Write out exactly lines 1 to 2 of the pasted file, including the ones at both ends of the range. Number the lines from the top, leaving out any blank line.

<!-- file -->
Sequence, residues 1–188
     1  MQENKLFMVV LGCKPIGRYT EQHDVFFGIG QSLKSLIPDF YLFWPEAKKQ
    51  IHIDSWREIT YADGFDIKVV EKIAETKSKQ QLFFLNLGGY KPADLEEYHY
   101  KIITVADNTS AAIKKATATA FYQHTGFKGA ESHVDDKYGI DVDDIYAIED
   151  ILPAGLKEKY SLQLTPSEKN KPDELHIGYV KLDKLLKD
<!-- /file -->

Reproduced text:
Sequence, residues 1–188
     1  MQENKLFMVV LGCKPIGRYT EQHDVFFGIG QSLKSLIPDF YLFWPEAKKQ